J:“I was a fifth-year senior and moved interior to right guard.”

BHB:“You played every line position at Georgia.”

J:“Yeah. Haynesworth and Henderson. Same play all the way down the field.”

BHB:“What was the play?”

J:“36 Lead or 42 Lead. Stretch then Lead. They couldn’t stop it even though they knew it was coming every time. Giving Sanks or Musa the ball.”

BHB:“Q goes out with a minor hand tweak and clutch, great hands wideout Michael Greer whose daddy is director of football operations has an undisclosed issue. They never played again. Donnan had made the big mistake of promising success. It didn’t play out. Who ended up being our quarterback by year end?”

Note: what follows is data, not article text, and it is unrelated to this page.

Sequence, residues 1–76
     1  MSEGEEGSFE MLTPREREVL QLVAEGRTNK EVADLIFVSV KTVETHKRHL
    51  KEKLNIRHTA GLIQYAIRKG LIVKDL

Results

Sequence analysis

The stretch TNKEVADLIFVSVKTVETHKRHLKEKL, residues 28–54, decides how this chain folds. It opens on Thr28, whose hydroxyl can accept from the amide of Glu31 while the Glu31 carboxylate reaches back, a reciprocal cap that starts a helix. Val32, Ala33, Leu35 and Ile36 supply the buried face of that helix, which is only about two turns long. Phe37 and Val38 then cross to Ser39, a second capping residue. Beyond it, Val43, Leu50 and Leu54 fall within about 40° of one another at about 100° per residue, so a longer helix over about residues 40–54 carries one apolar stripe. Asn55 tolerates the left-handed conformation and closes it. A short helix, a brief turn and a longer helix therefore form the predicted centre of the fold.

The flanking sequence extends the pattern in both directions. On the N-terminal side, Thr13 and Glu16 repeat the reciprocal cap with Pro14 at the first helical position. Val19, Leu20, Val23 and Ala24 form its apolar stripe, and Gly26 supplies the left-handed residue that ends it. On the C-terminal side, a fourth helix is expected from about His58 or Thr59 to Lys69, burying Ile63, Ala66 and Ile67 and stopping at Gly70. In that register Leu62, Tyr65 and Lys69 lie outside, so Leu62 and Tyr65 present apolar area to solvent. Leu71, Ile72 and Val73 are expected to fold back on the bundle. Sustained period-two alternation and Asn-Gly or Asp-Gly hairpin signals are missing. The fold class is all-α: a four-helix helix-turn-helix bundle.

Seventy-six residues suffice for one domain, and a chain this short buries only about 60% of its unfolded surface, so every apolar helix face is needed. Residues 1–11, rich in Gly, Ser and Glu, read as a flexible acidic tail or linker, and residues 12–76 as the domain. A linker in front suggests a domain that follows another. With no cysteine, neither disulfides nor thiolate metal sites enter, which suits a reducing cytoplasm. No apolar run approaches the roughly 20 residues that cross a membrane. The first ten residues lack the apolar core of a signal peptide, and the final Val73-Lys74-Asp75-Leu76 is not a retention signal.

J:“Cory Philips. But he could have played Greene.”

BHB:“That might have saved his job. You know I’m a purely diehard alum, like you. We care about our school over anything. I mean, I managed the student center for barely over $3 an hour. I bleed Red and Black. But the folks who are just fans – they only care about wins – they were saying and we all heard it: Quincy was big into blow and Greer provided it. Then he got booted from my Cowboys for it. I’m from Austin and Ft. Worth. For years, I was stuck with Quincy.”

J:“I recruited Quincy to Georgia when he was playing pro baseball. He wanted to play college football but didn’t want to go to Tech. We were roommates his first year, and then he got another apartment. We hear rumors but I didn’t know anything. We went from friends to left tackle and quarterback. I graduated by then and was working for Damon Evans and Dooley at the athletic director’s office. People hang more with their class.”